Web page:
“Yes it bothers you. But with painted photographs, so many details are left out or blurred that it all becomes a little more bearable, and one perhaps becomes a little more curious.”Gerhard Richter
Photography can be extremely cruel, super up-front and in our faces. There is something unavoidable about the reality that is captured – that millisecond of a memory that stays ingrained into one’s mind. However, reality is even more unbearable, knowing that the photograph itself only allows us to see a fraction of the beauty and the pain behind each frame. But once that still image is blurred, smeared onto the canvass, something else comes into focus: curiosity and attraction. We all of a sudden what to understand a deeper meaning or try to look away but not necessarily know what we are looking at. That is when our curiosity gets the best of us and we can’t look away.
Kurt and Richter don’t necessarily have an agenda with these paintings, rather just representing periods of time captured in a capsule. All of these images begin to weight you down, because it feels like there is something missing, like they are unfinished. It is up to our imaginations to evoke meaning, with the art standing in as a symbol of the pursuit for truth. As Richter himself states, “since there is no such thing as absolute rightness and truth, we always pursue the artificial, leading, human truth. We judge and make a truth that excludes other truths. Art plays a formative part in this manufacture of truth.” He isn’t making statements, he makes art. The art itself does the work.
What is consistent behind these images is one thing: simpleness. They are not meant to be grand. They are a simulation. They are photographs of objects, people, who are simply part of history. We, the viewer, give the power to the art. It becomes a relationship where art manufactures the truth and we declare it. The art captures a perspective, a moment, where we complete it and widen it. Just as Kurt did with his art series in the movie “Never Look Away,” Richter in his whole series on October 18, 1977, stood as an understanding of reality, capturing numerous moments to create one overarching story. It never was just about Meinhof or the RAF, it was about something more, what they stood for and what effect that had in 1977 and today.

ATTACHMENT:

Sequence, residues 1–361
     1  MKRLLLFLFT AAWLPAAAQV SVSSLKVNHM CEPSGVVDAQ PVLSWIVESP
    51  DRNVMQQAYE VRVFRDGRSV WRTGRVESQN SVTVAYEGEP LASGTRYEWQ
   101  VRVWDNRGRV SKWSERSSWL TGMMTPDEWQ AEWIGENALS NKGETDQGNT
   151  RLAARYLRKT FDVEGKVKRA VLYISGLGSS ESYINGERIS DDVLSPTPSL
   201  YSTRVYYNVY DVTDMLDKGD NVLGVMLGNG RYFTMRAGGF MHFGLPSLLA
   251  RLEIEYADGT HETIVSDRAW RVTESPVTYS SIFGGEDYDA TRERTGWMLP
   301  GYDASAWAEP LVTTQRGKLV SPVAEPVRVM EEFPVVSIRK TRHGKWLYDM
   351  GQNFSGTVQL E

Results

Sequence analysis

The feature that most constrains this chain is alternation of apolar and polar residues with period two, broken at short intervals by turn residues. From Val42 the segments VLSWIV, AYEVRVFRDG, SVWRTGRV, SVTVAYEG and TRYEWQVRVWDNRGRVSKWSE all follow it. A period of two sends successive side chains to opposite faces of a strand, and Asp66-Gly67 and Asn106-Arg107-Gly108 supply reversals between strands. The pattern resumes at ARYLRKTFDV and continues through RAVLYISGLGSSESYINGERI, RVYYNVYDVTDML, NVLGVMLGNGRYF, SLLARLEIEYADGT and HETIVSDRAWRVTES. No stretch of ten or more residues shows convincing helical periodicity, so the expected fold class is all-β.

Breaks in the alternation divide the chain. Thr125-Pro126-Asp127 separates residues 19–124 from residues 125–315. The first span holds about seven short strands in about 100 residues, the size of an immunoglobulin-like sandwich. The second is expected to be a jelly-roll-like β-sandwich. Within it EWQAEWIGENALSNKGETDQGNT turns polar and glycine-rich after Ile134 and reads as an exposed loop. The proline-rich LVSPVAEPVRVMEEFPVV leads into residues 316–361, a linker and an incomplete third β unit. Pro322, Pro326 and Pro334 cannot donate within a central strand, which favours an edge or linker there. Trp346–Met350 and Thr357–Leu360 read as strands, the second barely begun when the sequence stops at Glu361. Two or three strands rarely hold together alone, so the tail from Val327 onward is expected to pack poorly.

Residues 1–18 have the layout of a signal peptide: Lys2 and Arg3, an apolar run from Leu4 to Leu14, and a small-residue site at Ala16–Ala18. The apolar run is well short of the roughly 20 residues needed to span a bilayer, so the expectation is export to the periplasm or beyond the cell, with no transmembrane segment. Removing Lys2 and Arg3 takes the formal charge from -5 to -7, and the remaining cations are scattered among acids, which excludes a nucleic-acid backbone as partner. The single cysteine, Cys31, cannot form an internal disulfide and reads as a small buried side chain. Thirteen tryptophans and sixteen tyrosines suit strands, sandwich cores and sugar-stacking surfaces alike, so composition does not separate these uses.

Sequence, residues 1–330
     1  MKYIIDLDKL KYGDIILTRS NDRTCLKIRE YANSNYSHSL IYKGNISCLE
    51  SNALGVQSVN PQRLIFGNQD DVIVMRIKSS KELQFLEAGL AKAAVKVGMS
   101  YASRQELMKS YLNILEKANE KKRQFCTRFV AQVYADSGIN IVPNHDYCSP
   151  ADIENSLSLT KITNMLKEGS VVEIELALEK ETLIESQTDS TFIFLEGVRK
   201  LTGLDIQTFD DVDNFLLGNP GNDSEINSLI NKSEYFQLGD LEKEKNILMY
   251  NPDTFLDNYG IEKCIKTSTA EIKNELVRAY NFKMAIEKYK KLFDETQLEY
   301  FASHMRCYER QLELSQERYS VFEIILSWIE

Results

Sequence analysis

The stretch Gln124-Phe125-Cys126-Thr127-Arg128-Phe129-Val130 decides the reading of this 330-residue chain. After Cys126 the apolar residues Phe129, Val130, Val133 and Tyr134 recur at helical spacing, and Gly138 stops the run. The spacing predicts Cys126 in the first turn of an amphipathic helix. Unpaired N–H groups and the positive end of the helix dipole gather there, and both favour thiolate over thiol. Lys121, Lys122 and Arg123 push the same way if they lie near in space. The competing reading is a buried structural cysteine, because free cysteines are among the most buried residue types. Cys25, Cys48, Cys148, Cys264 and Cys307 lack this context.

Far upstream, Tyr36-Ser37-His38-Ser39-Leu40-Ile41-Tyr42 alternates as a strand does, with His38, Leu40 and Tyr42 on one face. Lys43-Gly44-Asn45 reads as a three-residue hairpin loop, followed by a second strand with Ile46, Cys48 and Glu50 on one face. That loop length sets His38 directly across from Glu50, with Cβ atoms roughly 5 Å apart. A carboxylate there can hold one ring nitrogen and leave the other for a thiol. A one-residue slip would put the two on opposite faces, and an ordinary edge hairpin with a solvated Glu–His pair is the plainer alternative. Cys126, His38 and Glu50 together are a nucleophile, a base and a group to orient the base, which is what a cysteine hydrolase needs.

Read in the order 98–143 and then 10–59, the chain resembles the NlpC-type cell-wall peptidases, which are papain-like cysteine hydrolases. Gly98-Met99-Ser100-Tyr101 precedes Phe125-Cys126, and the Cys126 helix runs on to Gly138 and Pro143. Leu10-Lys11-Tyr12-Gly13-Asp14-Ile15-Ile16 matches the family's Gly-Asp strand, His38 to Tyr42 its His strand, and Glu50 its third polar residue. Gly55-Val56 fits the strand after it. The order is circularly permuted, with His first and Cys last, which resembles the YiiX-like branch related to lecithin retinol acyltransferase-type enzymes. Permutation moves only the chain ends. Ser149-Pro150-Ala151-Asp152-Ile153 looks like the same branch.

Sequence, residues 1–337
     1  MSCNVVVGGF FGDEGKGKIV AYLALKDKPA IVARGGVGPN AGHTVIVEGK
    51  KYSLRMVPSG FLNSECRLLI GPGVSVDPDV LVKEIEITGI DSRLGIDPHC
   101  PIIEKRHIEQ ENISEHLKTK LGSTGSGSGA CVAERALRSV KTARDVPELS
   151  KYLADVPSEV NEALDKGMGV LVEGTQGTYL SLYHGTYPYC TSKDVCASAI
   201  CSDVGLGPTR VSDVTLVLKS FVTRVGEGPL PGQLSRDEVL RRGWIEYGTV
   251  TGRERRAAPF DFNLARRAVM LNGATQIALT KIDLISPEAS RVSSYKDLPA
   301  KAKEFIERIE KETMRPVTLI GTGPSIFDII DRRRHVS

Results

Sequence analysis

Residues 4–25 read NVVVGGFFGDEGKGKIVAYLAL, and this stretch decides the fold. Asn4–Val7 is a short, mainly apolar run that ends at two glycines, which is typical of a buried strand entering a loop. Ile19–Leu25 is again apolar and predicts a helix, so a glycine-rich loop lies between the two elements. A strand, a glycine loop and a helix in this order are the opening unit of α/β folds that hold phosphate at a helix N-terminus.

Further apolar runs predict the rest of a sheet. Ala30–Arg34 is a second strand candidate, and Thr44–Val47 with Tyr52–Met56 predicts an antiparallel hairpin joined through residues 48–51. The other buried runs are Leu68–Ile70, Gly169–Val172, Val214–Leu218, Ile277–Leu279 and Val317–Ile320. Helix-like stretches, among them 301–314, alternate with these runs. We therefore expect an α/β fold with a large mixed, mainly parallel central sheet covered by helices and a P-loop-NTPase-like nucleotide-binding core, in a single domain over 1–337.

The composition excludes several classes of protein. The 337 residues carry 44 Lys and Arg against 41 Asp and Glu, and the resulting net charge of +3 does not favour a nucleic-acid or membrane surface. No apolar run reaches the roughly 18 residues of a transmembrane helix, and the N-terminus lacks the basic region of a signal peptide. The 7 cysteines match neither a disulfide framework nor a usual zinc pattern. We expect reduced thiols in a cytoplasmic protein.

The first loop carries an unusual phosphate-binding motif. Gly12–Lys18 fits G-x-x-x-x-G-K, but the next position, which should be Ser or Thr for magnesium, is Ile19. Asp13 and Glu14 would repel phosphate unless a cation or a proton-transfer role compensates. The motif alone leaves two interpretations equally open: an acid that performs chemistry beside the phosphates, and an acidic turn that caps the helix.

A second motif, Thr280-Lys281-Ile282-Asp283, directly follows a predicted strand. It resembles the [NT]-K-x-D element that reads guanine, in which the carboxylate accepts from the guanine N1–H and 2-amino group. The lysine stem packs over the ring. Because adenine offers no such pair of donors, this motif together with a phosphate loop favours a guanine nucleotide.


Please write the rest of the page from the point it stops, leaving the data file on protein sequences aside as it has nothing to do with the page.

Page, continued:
Richter is trying to understand what is, just like the rest of us living our lives. He just does it through painting. It’s not purposeful or personal, its an analogy. It is for us to contribute to and figure out the truth alongside him.
“Theory has nothing to do with a work of art. Pictures which are interpretable, and which contain a meaning, are bad pictures. A picture presents itself as the Unmanageable, the Illogical, the Meaningless. It demonstrates the endless multiplicity of aspects; it takes away our certainty, because it deprives a thing of its meaning and its name. It shows us the thing in all the manifold significance and infinite variety that preclude the emergence of any single meaning and view.”Richter’s Notes, 1964-65
To find out more about what photography brings to untangling violence and revolution, check out my research paper on Contemporary War Photography or my Images (Non-Textual).